I was keen to visit a unique wetland area called Esteros del Iberá, and our map showed 3 routes to get there. The first was a long back track followed by an earth road, the second was a more direct route but more earth than asphalt, and the 3rd was to head on up the road and then back track. We took option 2, and at about 1130, with the end in sight and a relaxing afternoon awaiting us (and about 5 minutes abfter getting bee-stung again - on teh throat this time!), we met some gauchos who told us the road no longer existed up ahead, and we´d have to go back. So back we went, along the very reasonable earth road, hit the tarmac and went for option 3. Wasn´t much further, the earth roads so far had been fine, it should be no trouble. True enough for the first hour, then it all turned to custard. Or more accurately, to sand, as the road degenerated to mostly quite deep sand, and things slowed right down. By 1800, with about an hour and a bit of daylight left, having been on the road for 9 hours, I fell off again (and once again it was at slow speed - its actually impossible for me to get any speed up on these nasty surfaces). After that, the sun started to set, and the road alternated between sand and puddles and good hard mud. Unfortunately in the failing light, it was very hard to tell one from t´other until it was too late, so a couple of extra spills later, I was down to walking pace with a broken windscreen (I put my foot through it as I stepped clear of the falling bike), riding in my snow style, with feet out as out-riggers, and the sun gone for good. We had about an hour in full dark after that, eventually finding Colonia Carlos Pelligrini and collapsing in heap.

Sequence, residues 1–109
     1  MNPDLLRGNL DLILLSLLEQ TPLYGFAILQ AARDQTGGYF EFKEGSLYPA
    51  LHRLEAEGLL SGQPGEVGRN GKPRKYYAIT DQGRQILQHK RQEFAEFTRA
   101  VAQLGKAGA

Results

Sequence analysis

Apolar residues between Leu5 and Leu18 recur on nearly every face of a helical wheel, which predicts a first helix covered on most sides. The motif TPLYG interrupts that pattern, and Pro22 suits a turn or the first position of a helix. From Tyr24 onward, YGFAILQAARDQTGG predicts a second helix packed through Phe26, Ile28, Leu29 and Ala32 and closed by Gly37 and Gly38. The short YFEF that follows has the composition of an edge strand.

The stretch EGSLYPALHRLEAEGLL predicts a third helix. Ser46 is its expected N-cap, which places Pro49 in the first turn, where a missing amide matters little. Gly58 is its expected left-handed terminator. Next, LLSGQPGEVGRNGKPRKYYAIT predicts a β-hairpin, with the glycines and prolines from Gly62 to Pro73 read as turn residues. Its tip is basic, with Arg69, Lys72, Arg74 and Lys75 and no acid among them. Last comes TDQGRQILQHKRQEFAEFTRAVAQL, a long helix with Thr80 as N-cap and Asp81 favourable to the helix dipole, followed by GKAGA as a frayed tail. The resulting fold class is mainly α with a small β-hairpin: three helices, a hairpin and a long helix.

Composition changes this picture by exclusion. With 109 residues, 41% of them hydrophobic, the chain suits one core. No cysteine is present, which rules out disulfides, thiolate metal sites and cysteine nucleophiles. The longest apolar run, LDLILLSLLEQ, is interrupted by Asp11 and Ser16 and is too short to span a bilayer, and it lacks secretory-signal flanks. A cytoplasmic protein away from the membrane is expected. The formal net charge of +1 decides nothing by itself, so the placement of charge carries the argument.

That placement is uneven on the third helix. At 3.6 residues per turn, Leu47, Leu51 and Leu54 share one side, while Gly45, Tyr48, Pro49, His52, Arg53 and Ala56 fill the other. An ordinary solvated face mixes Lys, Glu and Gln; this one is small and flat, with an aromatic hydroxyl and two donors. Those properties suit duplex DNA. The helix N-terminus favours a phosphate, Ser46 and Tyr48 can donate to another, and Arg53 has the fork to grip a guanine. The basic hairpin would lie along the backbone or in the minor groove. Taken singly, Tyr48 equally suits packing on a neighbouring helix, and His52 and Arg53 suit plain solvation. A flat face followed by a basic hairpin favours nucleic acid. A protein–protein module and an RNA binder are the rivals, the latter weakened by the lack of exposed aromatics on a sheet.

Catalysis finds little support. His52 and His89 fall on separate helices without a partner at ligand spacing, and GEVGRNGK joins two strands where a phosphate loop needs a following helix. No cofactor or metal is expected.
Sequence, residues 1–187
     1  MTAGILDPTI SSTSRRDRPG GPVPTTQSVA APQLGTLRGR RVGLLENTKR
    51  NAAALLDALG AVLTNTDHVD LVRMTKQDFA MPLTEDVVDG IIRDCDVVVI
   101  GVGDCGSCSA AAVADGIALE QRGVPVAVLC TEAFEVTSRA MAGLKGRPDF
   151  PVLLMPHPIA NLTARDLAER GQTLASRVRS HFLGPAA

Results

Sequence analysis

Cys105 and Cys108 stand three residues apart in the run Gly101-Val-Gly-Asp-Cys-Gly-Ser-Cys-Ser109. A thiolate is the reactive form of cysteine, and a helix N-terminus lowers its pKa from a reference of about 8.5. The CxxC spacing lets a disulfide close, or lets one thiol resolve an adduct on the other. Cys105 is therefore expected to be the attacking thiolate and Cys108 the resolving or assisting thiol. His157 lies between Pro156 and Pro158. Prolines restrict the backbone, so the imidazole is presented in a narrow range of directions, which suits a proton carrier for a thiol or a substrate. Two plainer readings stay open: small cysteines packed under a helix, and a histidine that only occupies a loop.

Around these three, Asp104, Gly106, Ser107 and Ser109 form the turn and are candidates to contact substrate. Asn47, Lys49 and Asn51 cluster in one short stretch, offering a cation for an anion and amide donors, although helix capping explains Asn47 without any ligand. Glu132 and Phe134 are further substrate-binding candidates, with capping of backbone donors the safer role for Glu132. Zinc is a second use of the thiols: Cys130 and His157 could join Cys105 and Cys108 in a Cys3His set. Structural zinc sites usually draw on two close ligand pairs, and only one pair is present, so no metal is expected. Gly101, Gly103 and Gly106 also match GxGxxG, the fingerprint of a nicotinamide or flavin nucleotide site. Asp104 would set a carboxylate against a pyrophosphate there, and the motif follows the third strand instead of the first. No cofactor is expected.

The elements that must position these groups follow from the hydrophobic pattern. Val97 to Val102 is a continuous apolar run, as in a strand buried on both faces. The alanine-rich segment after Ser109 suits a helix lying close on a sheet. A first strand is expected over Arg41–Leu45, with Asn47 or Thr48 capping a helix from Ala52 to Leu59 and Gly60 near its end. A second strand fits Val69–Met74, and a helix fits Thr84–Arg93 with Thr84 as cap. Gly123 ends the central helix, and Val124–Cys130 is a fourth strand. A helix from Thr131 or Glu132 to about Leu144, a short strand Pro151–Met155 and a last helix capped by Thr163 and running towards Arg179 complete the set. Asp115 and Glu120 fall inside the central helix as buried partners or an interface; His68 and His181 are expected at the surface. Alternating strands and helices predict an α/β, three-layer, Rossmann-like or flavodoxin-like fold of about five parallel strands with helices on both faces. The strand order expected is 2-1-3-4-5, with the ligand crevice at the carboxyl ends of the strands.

Next day was good for me, as I had a morning out on the big laguna and saw all kinds of SA fauna and birdlife, right up my ally, but sadly I only got spanish names for them all. This is not helpful, as my poor brain struggles to hold the useful conversational words in its grasp, so has no room at all for bird names that can´t be used for anything else. Still, hopefully some video will make its way on to the site soon-ish, and you can see for yourselves. Rich took the time to clean his bike and grease it up, so time well spent for us both, I think.
Next day was back to civilisation, with a patched up screen that lasted all of half an hour until I went down again, and it broke in a different place than my mend, which was satisfying from that perspective if none other. Rude words were said, obviously, as the remains of the screen were biffed in to the roadside and on we went, eventually making it to Posadas, where I was able to buy a new window and feel happy again. Posadas was a lovely town on the edge of the Misiones region, and we had a pleasant couple of days there, just recovering from the heavy going of the previous couple.